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J Interv Card Electrophysiol. 2008 Jan;21(1):65-8. Epub 2007 Nov 27.

Impact of transvenous ventricular pacing leads on tricuspid regurgitation in pediatric and congenital heart disease patients.

Author information

1
Department of Cardiology, Children's Hospital, Boston, 300 Longwood Ave., Boston, MA 02115, USA.

Abstract

INTRODUCTION:

Transvenous ventricular pacing leads across the tricuspid valve may cause or exacerbate tricuspid regurgitation (TR). The literature in adults is inconclusive and no studies have investigated the association between pacing leads and TR in children or congenital heart disease patients.

METHODS AND RESULTS:

A retrospective chart review was conducted at a large children's hospital, yielding 123 patients with initial placement of a transvenous lead across their tricuspid valve that had adequate echocardiographic data for review. The median age was 16 years (range 2-52) at time of lead placement. The pre-procedure echo was compared both to the first echo after lead placement and the most recent echo. Median time was 242 days from implant to first echo, and 827 days to most recent echo. There was no difference in TR between the pre-procedure echo and first follow-up echo (p = NS). However, TR was more likely to progress mildly between the pre-procedure echo and the most recent echo (p < 0.02) with a mean increase from 1.54 to 1.69 on a 0 to 4 ordinal scale. There were 76 pts (62%) with CHD. Mean pre-procedure TR was 1.82 in right-sided valvular CHD (e.g., tetralogy of Fallot, repaired AV canal) vs. 1.43 without right-sided CHD (p < 0.01).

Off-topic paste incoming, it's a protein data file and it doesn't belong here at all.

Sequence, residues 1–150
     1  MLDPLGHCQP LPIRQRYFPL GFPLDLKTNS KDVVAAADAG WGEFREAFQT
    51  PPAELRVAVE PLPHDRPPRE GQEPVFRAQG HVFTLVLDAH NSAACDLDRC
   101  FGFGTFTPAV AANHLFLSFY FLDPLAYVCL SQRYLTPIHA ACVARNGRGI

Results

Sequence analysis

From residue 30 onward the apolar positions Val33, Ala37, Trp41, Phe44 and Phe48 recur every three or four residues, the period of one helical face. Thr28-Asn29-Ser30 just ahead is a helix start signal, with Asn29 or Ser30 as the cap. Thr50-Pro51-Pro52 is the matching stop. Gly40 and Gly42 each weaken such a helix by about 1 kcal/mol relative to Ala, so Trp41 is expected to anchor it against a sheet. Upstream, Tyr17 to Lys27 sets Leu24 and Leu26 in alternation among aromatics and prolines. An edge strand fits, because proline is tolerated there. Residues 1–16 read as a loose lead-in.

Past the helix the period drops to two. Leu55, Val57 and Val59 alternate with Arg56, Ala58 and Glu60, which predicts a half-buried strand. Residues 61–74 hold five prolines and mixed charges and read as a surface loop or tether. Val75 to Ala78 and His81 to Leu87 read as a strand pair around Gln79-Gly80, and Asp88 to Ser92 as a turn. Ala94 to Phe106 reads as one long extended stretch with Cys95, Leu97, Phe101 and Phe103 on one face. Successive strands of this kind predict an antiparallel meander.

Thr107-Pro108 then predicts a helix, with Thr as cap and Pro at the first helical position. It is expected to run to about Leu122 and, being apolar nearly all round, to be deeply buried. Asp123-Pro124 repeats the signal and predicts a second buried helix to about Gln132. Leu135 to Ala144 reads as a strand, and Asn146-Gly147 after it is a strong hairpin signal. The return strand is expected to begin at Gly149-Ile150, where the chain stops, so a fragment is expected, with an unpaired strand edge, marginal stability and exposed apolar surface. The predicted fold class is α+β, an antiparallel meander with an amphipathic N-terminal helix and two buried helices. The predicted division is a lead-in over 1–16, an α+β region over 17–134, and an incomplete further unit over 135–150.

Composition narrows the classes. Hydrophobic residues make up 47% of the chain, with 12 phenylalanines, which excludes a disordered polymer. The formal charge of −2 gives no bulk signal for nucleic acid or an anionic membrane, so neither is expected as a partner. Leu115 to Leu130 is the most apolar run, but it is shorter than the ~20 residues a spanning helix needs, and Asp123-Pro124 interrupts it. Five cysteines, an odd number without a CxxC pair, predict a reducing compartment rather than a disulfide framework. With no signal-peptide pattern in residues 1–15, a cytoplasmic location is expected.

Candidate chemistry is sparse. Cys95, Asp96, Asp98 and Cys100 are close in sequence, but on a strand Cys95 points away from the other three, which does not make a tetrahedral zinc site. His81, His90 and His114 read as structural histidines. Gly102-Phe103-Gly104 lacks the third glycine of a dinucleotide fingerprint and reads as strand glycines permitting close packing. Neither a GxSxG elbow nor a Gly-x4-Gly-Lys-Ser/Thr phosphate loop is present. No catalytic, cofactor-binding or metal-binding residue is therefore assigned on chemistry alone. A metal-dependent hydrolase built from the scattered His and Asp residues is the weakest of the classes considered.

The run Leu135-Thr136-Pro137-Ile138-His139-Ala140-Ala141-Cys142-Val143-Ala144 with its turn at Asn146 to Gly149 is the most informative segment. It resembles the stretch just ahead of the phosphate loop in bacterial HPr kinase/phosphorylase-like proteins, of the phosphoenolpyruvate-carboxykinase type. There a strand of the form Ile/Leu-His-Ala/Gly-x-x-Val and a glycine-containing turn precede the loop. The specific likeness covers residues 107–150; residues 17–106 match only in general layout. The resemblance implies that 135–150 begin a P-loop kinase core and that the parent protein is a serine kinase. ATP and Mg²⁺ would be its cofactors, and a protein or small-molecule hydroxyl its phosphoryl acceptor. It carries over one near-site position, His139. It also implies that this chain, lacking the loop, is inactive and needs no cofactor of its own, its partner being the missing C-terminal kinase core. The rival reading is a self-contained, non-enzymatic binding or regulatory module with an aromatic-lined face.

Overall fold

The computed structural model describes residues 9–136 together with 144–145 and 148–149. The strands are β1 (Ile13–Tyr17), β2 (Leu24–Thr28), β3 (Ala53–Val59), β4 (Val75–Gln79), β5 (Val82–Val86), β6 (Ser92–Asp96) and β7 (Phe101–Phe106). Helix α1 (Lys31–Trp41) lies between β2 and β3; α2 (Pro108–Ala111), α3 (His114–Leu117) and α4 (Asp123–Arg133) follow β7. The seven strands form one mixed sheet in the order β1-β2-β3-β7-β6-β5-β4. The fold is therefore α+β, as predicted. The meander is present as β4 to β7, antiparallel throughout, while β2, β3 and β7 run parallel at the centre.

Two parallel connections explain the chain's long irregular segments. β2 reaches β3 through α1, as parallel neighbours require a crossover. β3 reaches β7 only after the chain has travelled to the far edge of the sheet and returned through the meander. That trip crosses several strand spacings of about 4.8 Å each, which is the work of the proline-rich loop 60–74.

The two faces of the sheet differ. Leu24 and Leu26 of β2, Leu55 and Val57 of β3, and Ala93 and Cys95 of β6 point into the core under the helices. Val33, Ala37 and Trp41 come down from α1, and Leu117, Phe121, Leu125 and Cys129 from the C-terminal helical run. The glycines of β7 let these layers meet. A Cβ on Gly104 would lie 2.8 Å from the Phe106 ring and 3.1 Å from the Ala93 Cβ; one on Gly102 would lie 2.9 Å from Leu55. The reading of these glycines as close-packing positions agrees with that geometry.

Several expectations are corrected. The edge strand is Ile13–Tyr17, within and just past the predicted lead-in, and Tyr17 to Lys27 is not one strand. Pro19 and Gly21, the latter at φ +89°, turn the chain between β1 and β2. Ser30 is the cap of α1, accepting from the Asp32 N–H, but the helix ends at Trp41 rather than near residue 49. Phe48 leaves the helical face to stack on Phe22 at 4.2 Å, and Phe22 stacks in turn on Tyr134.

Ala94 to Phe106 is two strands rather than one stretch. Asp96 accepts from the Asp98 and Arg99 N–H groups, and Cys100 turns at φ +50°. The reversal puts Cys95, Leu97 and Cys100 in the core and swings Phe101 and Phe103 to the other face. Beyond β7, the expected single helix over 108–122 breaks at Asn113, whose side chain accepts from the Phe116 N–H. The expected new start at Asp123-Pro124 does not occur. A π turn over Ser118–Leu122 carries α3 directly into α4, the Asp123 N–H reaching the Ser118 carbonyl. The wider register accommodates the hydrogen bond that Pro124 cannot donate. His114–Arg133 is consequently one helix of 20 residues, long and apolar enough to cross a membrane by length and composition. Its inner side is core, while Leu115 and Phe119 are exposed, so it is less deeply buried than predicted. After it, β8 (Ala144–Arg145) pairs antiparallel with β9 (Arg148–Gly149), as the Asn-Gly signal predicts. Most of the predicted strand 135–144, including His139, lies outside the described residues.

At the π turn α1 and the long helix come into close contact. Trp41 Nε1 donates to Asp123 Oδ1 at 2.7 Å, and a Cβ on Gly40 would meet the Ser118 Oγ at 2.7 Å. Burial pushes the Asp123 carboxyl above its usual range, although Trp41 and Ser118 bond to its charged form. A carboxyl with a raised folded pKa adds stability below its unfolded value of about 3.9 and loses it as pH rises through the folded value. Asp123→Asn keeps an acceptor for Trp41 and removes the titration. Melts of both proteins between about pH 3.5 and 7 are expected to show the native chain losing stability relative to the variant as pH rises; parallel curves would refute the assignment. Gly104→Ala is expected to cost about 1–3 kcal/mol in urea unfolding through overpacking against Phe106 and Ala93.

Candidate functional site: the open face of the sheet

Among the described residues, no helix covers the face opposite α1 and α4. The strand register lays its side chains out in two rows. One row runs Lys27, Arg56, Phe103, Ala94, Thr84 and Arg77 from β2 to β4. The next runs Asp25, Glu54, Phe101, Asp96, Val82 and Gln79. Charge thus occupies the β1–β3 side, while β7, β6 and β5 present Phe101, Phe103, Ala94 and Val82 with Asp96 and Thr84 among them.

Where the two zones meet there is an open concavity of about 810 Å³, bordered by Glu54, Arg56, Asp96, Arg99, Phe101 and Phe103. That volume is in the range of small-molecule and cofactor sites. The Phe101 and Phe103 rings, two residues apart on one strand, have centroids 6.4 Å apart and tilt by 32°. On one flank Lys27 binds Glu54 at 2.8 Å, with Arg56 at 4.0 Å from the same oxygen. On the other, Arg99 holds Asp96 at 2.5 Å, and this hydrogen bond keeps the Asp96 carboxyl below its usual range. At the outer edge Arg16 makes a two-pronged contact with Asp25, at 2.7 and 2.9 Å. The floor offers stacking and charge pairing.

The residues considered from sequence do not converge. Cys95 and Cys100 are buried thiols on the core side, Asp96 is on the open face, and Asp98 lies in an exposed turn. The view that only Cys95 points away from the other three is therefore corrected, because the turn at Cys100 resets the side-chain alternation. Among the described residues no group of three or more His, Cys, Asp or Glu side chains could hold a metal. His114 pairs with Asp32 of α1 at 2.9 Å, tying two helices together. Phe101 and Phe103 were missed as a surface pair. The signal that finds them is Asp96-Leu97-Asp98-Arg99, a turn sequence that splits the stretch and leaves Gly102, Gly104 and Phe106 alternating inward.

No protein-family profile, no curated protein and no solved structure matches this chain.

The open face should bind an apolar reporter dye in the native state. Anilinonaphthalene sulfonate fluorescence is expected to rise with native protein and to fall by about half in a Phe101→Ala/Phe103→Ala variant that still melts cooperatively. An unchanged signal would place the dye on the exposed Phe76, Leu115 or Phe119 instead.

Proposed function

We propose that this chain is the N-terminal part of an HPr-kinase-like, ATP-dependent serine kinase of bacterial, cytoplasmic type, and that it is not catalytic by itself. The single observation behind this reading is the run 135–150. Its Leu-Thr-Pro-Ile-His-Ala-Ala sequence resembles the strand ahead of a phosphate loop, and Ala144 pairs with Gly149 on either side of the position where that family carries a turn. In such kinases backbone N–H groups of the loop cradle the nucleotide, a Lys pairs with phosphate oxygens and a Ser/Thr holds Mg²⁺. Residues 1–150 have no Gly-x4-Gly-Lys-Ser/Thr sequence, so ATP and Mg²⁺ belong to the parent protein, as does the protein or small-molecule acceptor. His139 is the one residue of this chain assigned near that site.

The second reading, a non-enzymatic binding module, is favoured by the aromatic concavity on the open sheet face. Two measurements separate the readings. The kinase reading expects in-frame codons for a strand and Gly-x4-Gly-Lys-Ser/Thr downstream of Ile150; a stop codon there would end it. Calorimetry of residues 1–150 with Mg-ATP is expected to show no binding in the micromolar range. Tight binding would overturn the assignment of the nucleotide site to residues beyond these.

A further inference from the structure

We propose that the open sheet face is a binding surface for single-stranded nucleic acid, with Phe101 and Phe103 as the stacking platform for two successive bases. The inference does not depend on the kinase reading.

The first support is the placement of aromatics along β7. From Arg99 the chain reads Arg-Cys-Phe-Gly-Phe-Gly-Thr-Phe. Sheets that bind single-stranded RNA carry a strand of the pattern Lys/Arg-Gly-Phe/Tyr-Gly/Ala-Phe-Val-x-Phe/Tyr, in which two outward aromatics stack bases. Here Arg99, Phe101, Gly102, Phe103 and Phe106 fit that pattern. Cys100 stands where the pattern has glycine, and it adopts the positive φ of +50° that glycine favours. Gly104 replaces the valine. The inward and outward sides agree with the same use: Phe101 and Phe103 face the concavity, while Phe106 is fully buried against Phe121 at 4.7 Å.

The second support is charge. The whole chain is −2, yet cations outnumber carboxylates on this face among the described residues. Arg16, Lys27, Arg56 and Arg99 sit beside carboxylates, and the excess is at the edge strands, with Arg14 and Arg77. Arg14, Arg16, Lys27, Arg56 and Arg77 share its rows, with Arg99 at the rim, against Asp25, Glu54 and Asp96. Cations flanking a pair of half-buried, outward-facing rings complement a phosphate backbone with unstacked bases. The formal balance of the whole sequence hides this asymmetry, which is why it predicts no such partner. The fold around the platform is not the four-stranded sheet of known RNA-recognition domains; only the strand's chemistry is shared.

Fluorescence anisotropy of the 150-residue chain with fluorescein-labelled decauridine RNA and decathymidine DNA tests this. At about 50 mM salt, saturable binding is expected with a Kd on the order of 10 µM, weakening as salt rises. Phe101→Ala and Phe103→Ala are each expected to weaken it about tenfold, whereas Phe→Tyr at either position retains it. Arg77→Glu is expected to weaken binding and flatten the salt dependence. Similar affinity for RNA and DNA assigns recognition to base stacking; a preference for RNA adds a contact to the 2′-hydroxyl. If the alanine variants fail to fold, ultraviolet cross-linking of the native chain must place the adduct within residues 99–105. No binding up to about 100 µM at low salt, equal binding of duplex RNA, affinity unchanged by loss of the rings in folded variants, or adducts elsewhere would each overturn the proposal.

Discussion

CONCLUSIONS:

In patients with transvenous ventricular leads across the tricuspid valve, echocardiography demonstrates a small, but statistically significant change in TR. The detected change is minimal, suggesting that there is little impact of transvenous leads on TR, even in growing children or patients with right-sided structural heart disease.

PMID:
18040765
PMCID:
PMC4260457
DOI:
10.1007/s10840-007-9183-0
[Indexed for MEDLINE]
Free PMC Article
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